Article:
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Author Topic: Should I get on the air, even though my CW is very slooowwwww?  (Read 30951 times)
KA0HVE
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Posts: 117




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« Reply #15 on: August 23, 2013, 06:45:52 AM »

Something else I want to suggest that seems obvious but maybe isn't - eavesdropping.  Eavesdrop on QSOs, lots of them.  Also, write down what you hear.

For me, there was a big difference between listening to perfectly sent code from W1AW code practice sessions and a QSO between two hams on the air.  There's also a big difference between just listening and writing while listening.

When I went to have a QSO it was difficult to keep up while writing down what was received.  As you practice it becomes at least more automatic.  I think it also aids the brain to decode code without thinking about it nearly as much.
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KA0HVE
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Posts: 117




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« Reply #16 on: August 23, 2013, 10:10:02 AM »

http://www.fpqrp.org/BBITS/BBQ0309.pdf

Scroll down to this part: Eight Reasons CW Ops Stay Off the Air
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K8AXW
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Posts: 3722




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« Reply #17 on: August 23, 2013, 07:46:36 PM »

HVE:  Thanks for the link OM.  Very interesting!  Bookmarked it for reading when I have more time.  Sounds like a fun group.

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RENTON481
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Posts: 60




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« Reply #18 on: August 23, 2013, 11:44:55 PM »

As an SWL who is learning code I would say yes, get on the air.  If you listen around the CW sections of the 40 and 20 meter bands you will hear plenty of slow speed QSO's by hams who are doing slow speed CW.  You won't be in bad company.
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WB0HZL
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Posts: 24




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« Reply #19 on: August 24, 2013, 08:52:35 PM »

By all means, get on the air! We all have been there, we make mistakes - so what. On air experience is much better than copying off a record, tape, computer.  I have to agree with others, stay off of 20 meters for now.

Any good CW operator started slow and worked up and they will, or should, slow down for a slower speed operator. One word of caution (ok several words) never send faster than you can receive.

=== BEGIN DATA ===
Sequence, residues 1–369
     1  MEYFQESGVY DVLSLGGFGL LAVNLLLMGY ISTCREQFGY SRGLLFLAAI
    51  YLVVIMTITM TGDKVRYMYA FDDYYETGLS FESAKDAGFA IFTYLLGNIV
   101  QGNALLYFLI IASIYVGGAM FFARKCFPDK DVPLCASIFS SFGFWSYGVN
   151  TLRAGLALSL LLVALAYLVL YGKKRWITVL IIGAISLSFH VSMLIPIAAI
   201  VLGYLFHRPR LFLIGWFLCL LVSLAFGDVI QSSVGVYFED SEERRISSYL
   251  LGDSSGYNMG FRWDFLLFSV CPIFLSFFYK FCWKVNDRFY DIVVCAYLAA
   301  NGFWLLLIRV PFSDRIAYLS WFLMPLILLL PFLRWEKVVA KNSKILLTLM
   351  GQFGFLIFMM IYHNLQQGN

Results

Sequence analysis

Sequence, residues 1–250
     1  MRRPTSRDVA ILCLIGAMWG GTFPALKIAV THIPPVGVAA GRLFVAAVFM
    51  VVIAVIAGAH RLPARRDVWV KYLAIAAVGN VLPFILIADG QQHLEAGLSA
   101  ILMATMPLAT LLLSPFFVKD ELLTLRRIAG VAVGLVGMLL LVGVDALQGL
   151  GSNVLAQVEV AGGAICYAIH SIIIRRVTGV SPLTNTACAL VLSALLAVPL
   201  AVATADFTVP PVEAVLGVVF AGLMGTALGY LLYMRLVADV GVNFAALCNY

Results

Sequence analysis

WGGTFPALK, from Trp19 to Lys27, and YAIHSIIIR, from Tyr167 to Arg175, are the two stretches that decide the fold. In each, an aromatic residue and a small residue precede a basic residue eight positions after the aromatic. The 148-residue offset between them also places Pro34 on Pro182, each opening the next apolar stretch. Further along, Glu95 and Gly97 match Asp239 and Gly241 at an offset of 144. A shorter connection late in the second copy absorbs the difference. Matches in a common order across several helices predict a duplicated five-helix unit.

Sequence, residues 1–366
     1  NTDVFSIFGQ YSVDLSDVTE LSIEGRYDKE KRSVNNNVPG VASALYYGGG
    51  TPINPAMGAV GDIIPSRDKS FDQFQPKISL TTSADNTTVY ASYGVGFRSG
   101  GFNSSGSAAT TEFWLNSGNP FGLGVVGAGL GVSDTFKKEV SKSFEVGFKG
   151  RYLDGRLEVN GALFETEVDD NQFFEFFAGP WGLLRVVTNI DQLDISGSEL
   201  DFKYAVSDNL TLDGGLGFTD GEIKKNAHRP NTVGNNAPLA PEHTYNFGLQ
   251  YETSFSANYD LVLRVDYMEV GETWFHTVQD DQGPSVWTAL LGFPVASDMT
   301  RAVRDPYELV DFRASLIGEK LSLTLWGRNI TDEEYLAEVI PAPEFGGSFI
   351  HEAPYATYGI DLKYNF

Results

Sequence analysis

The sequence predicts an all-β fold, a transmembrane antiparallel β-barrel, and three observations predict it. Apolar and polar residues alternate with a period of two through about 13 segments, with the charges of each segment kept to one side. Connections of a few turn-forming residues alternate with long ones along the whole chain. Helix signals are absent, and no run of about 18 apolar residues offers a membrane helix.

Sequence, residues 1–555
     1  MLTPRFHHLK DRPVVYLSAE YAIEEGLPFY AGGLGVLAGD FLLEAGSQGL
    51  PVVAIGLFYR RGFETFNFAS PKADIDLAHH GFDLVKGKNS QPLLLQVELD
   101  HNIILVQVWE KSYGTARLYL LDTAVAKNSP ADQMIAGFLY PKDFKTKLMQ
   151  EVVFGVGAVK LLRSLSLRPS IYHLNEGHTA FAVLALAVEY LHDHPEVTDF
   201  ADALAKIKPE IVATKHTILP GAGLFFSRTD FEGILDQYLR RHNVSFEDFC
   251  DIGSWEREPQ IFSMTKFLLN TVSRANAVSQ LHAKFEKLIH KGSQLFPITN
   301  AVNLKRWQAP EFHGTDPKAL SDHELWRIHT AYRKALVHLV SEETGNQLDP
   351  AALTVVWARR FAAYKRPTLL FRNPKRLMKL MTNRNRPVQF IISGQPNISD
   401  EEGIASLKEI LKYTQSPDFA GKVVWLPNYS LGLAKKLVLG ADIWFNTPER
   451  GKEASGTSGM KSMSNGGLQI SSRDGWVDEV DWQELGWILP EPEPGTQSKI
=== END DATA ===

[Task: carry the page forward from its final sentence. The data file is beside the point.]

That is my two cents worth, hope to work you some time - SSB or CW, slow or fast - it does not matter. Good Luck!

73,
WB0HZL/DW5HT
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M0LEP
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Posts: 200




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« Reply #20 on: August 25, 2013, 01:58:34 AM »

I have to agree with others, stay off of 20 meters for now.

From Thailand he may not have all that much choice unless the propagation's being really helpful. Parts of 40 metres still get flattened by broadcast over that side of the globe, if my listening from Australia earlier in the year was any guide...

...but 30 and 17 will likely have more gentle pile-ups.
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KE4ILG
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Posts: 150




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« Reply #21 on: August 25, 2013, 10:49:04 AM »

Some really great comments and suggestions which I echo.  If I could shout it louder I would, GET ON THE AIR!!

In my early days of cw operating I would write a list of everything I would want to say. 
Ke4ilg
Mike
Jacksonville, NC
Icom-706
dipole up about 35 ft
retired Marine

So when I would get excited all I had to do was look at my list.  It may seem extreme to write my own name down but I didn't have to think about it.  73, Mike ke4ilg
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K2MMO
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Posts: 6




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« Reply #22 on: August 29, 2013, 05:51:32 AM »

What are you waiting for lots of great qso's on the bands every day.The only way to pick up your speed is my tapping out those letters
When you cal CQ and you get and answer and you find the operator is moving a little bit quicker than you like ask him to QRS most "hams"will slow down We were all in your shoes
Relax and enjoy soon you too will be tapping out at a good speed.
73
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K0ZN
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Posts: 1542




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« Reply #23 on: September 02, 2013, 07:59:34 PM »


 AMEN !!  YES !   Get on the air. Your speed will pick up much quicker if you get into active QSO's.  EVERYBODY starts off slow !!  I don't know of anybody
 who was born on this planet and instantly capable of 20 WPM !

 DO NOT be afraid to ask another station to QRS.  If you have the bad luck of running into one of the rare "jerks"....don't fret....HE is the guy with the problem.